5. ^ "About After TV". web.archive.org. aftertv.com. Retrieved 24 August 2011. 
  6. ^ "Andrew Keen - .net magazine". Archived from the original on 21 December 2007. Retrieved 3 January 2008. 
  7. ^ Keen, Andrew. (February 14, 2006). Web 2.0; The second generation of the Internet has arrived. It's worse than you think. The Weekly Standard.
  8. ^ a b Keen, Andrew (2007). The Cult of the Amateur: How Today's Internet is Killing Our Culture. America: Crown Business,Doubleday, Random House. pp. 256 pages. ISBN 0-385-52080-8. 
  9. ^ Authors@Google: Andrew Keen's channel on YouTube
  10. ^ Keen, Andrew (2007). The Cult of the Amateur: how blogs, MySpace, YouTube, and the rest of today's user-generated media are destroying our economy, our culture, and our values. New York: Doubleday. p. 27. ISBN 978-0-385-52081-2. 
  11. ^ Andrew Keen (5 Jun 2007). Authors@Google: Andrew Keen (SWF/FLV/Flash/h.264) ((Videotaped)) (in English). Google Headquarters in Mountain View: Google. Event occurs at 50:00. Archived from the original on 10 July 2011. Retrieved 24 August 2011.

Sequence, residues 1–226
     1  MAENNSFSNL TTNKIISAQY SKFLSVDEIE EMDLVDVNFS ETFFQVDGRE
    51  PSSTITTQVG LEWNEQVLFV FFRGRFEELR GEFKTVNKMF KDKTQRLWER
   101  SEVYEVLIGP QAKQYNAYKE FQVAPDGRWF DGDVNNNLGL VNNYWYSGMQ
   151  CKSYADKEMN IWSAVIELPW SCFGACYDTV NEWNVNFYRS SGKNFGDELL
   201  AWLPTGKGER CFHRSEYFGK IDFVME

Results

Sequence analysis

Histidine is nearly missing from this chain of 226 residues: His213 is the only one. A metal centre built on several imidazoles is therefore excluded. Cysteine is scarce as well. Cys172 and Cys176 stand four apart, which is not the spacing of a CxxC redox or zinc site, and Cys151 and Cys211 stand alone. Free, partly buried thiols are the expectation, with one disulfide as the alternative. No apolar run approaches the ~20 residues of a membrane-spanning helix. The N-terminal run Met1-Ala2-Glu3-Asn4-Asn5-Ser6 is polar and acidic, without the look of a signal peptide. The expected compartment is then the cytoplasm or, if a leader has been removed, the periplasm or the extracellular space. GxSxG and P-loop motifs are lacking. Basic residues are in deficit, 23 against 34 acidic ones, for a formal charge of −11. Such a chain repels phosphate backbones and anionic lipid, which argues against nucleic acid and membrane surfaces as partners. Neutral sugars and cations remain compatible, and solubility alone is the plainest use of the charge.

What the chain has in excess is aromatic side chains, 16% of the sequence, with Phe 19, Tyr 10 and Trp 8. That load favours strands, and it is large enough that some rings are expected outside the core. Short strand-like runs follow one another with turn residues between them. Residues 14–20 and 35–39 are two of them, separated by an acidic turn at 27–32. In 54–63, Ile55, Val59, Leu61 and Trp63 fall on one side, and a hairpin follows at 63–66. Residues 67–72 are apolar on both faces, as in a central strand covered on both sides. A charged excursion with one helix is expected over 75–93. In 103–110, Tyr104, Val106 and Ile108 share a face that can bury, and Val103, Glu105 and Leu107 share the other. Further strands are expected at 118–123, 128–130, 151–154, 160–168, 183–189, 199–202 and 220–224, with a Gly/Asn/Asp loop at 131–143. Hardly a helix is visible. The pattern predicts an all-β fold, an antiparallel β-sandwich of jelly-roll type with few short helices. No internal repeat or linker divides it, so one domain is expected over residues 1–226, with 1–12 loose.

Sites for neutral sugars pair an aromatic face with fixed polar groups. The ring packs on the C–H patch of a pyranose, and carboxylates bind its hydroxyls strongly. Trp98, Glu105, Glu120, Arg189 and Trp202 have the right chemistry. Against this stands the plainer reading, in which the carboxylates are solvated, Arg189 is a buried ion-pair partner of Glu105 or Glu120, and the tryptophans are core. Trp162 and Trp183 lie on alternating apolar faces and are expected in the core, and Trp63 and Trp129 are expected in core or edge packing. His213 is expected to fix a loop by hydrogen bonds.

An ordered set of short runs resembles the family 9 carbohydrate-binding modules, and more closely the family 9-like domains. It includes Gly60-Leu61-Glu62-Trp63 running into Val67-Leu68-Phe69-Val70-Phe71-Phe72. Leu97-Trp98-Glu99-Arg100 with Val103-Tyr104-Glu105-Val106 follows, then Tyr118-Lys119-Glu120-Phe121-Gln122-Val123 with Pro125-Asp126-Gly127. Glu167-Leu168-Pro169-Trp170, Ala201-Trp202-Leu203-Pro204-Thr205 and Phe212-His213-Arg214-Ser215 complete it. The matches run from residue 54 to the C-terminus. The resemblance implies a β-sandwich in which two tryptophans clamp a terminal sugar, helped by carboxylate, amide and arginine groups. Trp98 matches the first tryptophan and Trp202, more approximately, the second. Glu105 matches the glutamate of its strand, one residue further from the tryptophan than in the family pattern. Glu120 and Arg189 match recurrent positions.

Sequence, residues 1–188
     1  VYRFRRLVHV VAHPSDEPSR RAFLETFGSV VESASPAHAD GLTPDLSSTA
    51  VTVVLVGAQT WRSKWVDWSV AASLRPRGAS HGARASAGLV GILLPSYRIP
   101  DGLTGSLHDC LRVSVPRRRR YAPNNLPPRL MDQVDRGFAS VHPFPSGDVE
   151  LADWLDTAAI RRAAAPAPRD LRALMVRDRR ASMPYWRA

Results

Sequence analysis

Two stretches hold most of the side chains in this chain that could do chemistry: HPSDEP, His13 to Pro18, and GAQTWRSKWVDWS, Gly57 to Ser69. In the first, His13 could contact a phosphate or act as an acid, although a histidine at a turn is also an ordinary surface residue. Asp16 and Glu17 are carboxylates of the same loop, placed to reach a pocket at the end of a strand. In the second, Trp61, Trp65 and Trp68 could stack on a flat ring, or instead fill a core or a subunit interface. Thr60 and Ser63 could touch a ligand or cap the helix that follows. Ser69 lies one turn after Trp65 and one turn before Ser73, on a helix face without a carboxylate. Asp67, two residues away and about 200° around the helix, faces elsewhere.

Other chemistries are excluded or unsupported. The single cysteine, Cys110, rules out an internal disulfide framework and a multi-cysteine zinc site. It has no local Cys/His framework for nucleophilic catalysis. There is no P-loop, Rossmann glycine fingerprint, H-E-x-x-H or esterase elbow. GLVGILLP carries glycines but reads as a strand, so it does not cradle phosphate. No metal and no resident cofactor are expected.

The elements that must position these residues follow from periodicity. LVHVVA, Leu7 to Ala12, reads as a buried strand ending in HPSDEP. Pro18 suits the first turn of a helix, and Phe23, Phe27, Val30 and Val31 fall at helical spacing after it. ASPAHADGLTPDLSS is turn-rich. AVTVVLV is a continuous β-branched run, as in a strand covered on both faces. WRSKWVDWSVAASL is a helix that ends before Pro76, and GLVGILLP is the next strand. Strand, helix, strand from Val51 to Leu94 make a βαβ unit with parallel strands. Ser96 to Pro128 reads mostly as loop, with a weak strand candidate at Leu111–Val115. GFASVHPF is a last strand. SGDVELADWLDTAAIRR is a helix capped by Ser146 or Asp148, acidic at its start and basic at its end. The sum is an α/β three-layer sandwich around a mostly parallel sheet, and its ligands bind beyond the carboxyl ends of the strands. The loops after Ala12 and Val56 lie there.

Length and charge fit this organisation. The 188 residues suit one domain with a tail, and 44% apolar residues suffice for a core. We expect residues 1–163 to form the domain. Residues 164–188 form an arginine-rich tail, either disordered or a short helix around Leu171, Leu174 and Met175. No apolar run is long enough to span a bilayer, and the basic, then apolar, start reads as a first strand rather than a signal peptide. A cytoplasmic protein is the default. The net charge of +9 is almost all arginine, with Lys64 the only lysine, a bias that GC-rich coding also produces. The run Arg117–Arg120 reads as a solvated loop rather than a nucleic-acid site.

12. ^ New Book Looks at the Internet's Impact on American Life, PBS NewsHour.
  13. ^ Keen, Andrew (2007). The Cult of the Amateur: How Today's Internet is Killing Our Culture. Crown Business,Doubleday, Random House. pp. 70–75. ISBN 0-385-52080-8. 
  14. ^ Keen, Digital Vertigo page 193
  15. ^ Tim O'Reilly (7 Apr 2008). title=The Truth According to the Wikipedia (SWF/FLV/Flash/h.264) ((Documentary)) (in English). VPROinternational. Event occurs at 38:30. Retrieved 24 August 2011. 

External links[edit]